Dosa is an south indian dish. Now dosa very famous in the whole world and every one like it very much especially children like dosa very much.
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What is Dosa
A marriage made in heaven is a dosa, a thin, crispy pancake composed of rice and urad dal (black lentils), paired with coconut chutney and vegetable sambar. This well-liked breakfast meal is quick and simple to make in addition to being healthy. Dosas come in a wide range of flavours, including Mysore Masala Dosa, Set Dosa, Ragi Dosa, Wheat Flour Dosa, and Paper Dosa, among others. With step-by-step images and instructions, this straightforward Dosa Recipe shows you how to create Plain or Paper Dosa from scratch. It also offers advice on how to keep them from sticking to the pan while they cook.
A well-made dosa batter is essential to a thin, crispy dosa’s flavour and texture, yet it’s incredibly simple to make. Black lentils (urad dal) and soaked rice are first crushed separately.
- 3/4 cup parboiled rice (rice for idli and dosas).
- 14 cup White Rice
- Either half a cup of split or whole urad dal (black lentils)
- Fenugreek Seeds (methi dana), 1/4 teaspoon
- Chana Dal (gramme lentils), optional, 1 teaspoon
- Water as required
- Oil, for shallow frying, with salt to taste
- Take everything you need to make the dosa batter. The primary ingredients are rice, urad dal, and fenugreek seeds. For Dosa, chana dal is used to achieve a golden colour.
- Regular and parboiled rice should be rinsed in water three to four times each, then soaked in two cups of water for four to five hours. (Place both varieties of rice in a medium bowl and add water to cover the grains by 3/4 of the way up the bowl. The water will become hazy as you touch the rice between your fingertips to rinse it. Drain the water, then proceed three or four more times.
- Combine chana dal and urad dal in water, add fenugreek seeds, and let sit for 4-5 hours.
- The water from the urad dal should be drained and saved in a small basin for use while grinding the dal in the following step. Fill the medium jar of a mixer grinder or blender with the mixture of drained urad dal, chana dal, and fenugreek seeds.
- Use the water set aside in the previous step to grind the remaining 1/2 cup of dry urad dal, adding water as needed to create a smooth, airy batter.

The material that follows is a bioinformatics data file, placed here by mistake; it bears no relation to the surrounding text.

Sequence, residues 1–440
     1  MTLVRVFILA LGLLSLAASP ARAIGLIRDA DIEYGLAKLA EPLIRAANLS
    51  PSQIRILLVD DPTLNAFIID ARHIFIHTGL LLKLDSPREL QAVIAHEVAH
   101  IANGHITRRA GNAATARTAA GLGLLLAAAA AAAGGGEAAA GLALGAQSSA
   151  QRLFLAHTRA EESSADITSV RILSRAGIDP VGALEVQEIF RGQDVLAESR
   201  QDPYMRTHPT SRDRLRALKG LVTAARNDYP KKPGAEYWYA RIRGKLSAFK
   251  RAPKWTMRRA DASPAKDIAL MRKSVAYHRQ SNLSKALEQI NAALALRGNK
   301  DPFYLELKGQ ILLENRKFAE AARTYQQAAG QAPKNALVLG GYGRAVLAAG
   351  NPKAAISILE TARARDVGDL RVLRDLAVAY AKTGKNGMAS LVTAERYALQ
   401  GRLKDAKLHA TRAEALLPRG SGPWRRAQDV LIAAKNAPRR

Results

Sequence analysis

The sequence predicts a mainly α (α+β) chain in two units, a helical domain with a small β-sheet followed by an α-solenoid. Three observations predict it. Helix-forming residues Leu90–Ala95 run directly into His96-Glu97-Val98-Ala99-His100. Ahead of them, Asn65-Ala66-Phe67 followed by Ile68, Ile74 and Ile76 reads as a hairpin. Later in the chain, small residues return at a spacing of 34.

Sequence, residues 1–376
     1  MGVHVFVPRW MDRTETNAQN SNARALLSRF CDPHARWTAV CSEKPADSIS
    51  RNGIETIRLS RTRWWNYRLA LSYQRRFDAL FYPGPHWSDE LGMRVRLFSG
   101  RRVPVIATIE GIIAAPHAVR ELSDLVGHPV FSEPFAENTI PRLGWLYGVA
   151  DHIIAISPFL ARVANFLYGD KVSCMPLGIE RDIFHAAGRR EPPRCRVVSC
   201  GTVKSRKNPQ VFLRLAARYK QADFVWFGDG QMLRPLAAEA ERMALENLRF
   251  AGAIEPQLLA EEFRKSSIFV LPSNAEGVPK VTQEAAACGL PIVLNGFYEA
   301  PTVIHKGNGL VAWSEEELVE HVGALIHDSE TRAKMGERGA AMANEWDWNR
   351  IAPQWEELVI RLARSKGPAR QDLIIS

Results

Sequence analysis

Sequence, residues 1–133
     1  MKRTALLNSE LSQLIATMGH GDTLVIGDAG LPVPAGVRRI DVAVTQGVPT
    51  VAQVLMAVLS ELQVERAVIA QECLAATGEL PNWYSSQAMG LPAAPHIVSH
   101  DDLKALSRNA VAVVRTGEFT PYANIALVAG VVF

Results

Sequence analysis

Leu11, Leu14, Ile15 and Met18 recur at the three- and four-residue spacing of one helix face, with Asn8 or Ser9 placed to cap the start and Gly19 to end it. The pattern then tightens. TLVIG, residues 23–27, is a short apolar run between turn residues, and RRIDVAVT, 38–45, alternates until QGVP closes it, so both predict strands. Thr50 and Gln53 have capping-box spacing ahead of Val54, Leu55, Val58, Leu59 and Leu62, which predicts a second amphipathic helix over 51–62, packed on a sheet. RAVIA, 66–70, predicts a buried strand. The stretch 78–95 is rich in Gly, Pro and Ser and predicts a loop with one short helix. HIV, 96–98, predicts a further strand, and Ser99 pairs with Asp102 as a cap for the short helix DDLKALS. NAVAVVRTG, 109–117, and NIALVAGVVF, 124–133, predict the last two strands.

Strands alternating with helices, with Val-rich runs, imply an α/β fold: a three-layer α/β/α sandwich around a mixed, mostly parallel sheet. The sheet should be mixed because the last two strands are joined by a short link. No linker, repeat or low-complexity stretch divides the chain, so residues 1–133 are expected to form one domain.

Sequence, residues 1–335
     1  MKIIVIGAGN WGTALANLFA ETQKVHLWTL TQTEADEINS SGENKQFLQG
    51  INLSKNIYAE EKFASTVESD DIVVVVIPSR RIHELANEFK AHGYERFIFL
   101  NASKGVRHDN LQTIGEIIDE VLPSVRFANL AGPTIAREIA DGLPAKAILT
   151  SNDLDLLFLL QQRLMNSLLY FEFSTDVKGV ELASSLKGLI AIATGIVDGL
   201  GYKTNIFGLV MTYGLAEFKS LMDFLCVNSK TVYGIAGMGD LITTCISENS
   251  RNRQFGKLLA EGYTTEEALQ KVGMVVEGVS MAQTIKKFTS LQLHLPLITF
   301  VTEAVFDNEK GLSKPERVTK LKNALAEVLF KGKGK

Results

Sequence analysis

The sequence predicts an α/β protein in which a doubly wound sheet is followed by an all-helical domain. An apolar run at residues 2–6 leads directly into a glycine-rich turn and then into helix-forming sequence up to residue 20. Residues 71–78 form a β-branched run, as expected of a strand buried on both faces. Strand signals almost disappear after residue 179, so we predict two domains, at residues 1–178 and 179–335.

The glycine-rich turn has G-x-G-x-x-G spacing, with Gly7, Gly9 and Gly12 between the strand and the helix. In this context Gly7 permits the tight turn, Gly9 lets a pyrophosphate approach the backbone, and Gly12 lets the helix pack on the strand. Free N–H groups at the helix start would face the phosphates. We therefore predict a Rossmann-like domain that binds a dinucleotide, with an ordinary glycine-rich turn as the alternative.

- The batter need to be light and airy, not overly thick. Place it in a big container.
- Rice should be drained of water before being added to the mixer grinder jar. You can grind the rice in many batches depending on the jar size.
- As necessary, add water as you grind to achieve a smooth texture. Avoid adding too much water at once; instead, add 1-2 teaspoons (or about 1/2 cup) at a time. When grinding, rice uses less water than urad dal. Rice batter won’t be as smooth as urad dal batter and will be little gritty. Transfer it to the same bowl that contains the urad dal batter.
- With a spoon, thoroughly combine the two batters and add salt. The finished batter shouldn’t be very thick or thin. For fermentation, cover it with a plate and leave it at room temperature for 8–10 hours or overnight. Keep the batter warm (or inside the oven with the light on) during cold weather to allow for fermentation.
- When you stir the batter with a spoon during fermentation, the volume of the batter would increase and little bubbles would show up on the surface. A spoon is used to stir the batter. If it appears to be too thick, add a few tablespoons of water and stir thoroughly until it reaches a pouring consistency (a little bit runnier than idli batter).
- Iron or nonstick tava (griddle or skillet) should be heated over a medium flame. Add a few water drops to the surface. The tava is hot enough to cook if water drops sizzle and evaporate within a few seconds. Spread a half-teaspoon of oil evenly across the griddle using a spatula or a dry, clean cloth. Take a ladle full of batter, pour it over the tawa’s surface, swirl it in a spiral motion while spinning the ladle, and form it into a circle with a diameter of about 7-8 inches.
- Apply 1 teaspoon of oil (or ghee or butter for crispy dosa) over the edges of the dosa, or use a brush to apply oil/ghee/butter evenly.
- Cook for about two minutes, or until the edges begin to rise and the bottom surface turns light brown.
- Cook for a minute after flipping it. You do not need to cook the other side of a thin dosa (as in the picture). Placing it on a platter. Before preparing the next dosa (to avoid the dosa adhering to the pan), wipe the tava with a clean, damp towel. Then, repeat steps 11 through 13 with the remaining batter. The basic dosa is ready, hot and crispy.
Tips and Variations:
- Please note that while grinding urad dal and rice into a batter, rice requires less water; also, the amount of time the batter needs to ferment varies on the weather. In the summer, batter ferments in 6 to 8 hours, while in the winter, it can take 12 to 14 hours.
- Avoid heating up the batter while it is being ground; doing so will prevent improper fermentation. If you are making a lot of batter, grind the rice and dal in batches to avoid the mixture from heating up.
- Chana dal is added to the dosa to give it a golden hue.
Before creating the first dosa, adequately grease the tava/griddle with oil to avoid dosas from sticking to the pan.
- Before spreading the batter, ensure that the tava is hot enough. Sprinkle a few droplets of water on the surface to see if the tava is hot enough; if it sizzles and evaporates in a short period of time, the tava is ready.
- Before spreading the batter for each dosa, don’t forget to wipe the tawa with a fresh, damp towel.
- Dosa batter that has undergone fermentation can be kept for up to 3–4 days in the fridge.
- If you’re using chilled dosa batter, remove it from the fridge and let it sit out for at least 30 minutes before preparing the dosa.
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